Scale of nature and climate crises undermined by low ambition farm payments - The Wildlife Trusts

Today the Government has announced new payments for farmers which raise serious questions as to whether we’ll see any better environmental outcomes now than the era of the much-derided Common Agricultural Policy.

Our food security’s dependence on nature and a stable climate is in the spotlight at this week’s farm conferences, particularly in the light of today’s announcement by farming minister, Mark Spencer: Government to pay more to farmers who protect and enhance the environment. The timing is apt as 2022 has been declared the warmest year ever in the UK by the Met Office, and 2023 has begun with a record-breaking warm winter temperatures across Europe.

Craig Bennett, chief executive of The Wildlife Trusts says: “Today’s Government announcement raises serious questions as to whether we’ll see any better environmental outcomes now than the era of the much-derided Common Agricultural Policy which caused nature to crash in the first place. What’s been revealed of the Environmental Land Management schemes shows desperately low ambition and represents a return to area-based payments by the back door. Farmers need much more support to adapt to climate change – they need stronger incentives to do the right thing – but today’s announcement will mean less money for meaningful action. If the Government had included handsome rewards for farmers to move away from pesticides through integrated pest management, for example, you’d have more businesses attracted to the schemes. But instead we’re seeing more money put into the least effective strand of the scheme that will deliver the smallest amount of public benefits – to the detriment of the most ambitious elements of ELM. We were promised a better system when we left the EU. Will we now see the same old damaging practices continue because there are no better offers on the table? Despite six years and four successive Governments saying that farmers will be generously rewarded for making a significant contribution to tackling the nature and climate crises, we are still in the dark on how much of this will be delivered. Defra is revealing one piece of a huge jigsaw puzzle at a time making it impossible for anyone to see the bigger picture and scuppering farmers’ chances of planning ahead, let alone encouraging them to buy into the schemes.”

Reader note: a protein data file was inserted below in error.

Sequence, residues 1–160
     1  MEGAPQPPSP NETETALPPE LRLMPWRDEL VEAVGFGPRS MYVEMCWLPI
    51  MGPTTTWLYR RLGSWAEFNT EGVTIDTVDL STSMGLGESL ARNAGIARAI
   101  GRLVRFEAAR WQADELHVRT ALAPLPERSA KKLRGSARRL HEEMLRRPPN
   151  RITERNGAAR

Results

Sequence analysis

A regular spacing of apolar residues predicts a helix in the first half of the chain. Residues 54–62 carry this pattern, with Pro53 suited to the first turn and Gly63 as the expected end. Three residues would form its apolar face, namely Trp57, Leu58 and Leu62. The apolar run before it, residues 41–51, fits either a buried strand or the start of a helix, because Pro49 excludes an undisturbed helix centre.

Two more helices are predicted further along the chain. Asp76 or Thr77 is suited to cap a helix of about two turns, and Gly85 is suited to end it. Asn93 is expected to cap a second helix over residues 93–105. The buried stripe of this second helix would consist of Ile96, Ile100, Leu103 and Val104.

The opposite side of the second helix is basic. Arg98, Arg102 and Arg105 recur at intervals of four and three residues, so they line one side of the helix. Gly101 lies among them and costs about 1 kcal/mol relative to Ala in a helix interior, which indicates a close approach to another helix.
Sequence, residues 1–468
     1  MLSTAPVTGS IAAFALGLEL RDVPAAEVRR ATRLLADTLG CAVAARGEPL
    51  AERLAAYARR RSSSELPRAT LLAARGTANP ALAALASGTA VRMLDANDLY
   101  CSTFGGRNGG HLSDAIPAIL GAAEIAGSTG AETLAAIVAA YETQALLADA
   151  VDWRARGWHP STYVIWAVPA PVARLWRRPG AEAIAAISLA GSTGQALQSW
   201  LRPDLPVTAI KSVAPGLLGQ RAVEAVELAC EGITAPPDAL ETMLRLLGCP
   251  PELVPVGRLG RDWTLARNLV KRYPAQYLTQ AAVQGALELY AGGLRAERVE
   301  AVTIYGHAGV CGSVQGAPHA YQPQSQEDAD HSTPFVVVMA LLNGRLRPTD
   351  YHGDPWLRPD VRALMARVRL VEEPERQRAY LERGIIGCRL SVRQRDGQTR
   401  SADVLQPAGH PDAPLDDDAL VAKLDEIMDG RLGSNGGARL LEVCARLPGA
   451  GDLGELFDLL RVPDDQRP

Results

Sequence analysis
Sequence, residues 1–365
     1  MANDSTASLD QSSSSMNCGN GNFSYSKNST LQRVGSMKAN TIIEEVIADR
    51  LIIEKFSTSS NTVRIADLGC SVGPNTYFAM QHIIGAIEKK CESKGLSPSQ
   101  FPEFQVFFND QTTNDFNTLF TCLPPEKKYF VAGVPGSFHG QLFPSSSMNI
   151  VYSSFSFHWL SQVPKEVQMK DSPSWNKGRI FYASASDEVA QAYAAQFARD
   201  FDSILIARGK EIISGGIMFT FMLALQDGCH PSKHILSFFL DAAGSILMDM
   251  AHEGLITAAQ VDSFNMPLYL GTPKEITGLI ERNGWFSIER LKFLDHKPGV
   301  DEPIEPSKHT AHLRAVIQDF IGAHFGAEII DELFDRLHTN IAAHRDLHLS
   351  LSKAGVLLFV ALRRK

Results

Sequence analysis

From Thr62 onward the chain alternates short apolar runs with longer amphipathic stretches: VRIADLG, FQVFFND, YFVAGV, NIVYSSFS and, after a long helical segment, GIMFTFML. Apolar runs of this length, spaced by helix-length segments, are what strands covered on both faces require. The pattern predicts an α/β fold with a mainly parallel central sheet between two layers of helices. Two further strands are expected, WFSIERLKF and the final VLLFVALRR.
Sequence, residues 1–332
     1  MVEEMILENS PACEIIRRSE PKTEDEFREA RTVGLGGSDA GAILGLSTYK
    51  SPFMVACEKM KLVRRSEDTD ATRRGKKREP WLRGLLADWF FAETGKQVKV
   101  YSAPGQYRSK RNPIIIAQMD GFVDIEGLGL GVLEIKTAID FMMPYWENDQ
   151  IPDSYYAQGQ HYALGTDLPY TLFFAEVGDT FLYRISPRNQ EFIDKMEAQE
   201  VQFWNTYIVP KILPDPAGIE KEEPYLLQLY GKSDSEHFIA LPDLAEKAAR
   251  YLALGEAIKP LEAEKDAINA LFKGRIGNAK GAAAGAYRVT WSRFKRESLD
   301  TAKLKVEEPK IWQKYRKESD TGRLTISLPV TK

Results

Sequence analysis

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Posted On: 05/01/2023

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